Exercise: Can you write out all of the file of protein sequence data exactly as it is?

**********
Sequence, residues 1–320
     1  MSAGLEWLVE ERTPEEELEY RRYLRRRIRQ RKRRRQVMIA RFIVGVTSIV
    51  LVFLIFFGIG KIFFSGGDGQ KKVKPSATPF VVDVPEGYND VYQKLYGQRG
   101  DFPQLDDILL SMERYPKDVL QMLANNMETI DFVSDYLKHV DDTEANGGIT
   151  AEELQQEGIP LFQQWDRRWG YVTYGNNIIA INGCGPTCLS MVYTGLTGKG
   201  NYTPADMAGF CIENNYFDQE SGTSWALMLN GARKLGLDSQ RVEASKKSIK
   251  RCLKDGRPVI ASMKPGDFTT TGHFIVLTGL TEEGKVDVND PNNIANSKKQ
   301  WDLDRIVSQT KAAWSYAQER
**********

Sequence, residues 1–320
     1  MSAGLEWLVE ERTPEEELEY RRYLRRRIRQ RKRRRQVMIA RFIVGVTSIV
    51  LVFLIFFGIG KIFFSGGDGQ KKVKPSATPF VVDVPEGYND VYQKLYGQRG
   101  DFPQLDDILL SMERYPKDVL QMLANNMETI DFVSDYLKHV DDTEANGGIT
   151  AEELQQEGIP LFQQWDRRWG YVTYGNNIIA INGCGPTCLS MVYTGLTGKG
   201  NYTPADMAGF CIENNYFDQE SGTSWALMLN GARKLGLDSQ RVEASKKSIK
   251  RCLKDGRPVI ASMKPGDFTT TGHFIVLTGL TEEGKVDVND PNNIANSKKQ
   301  WDLDRIVSQT KAAWSYAQER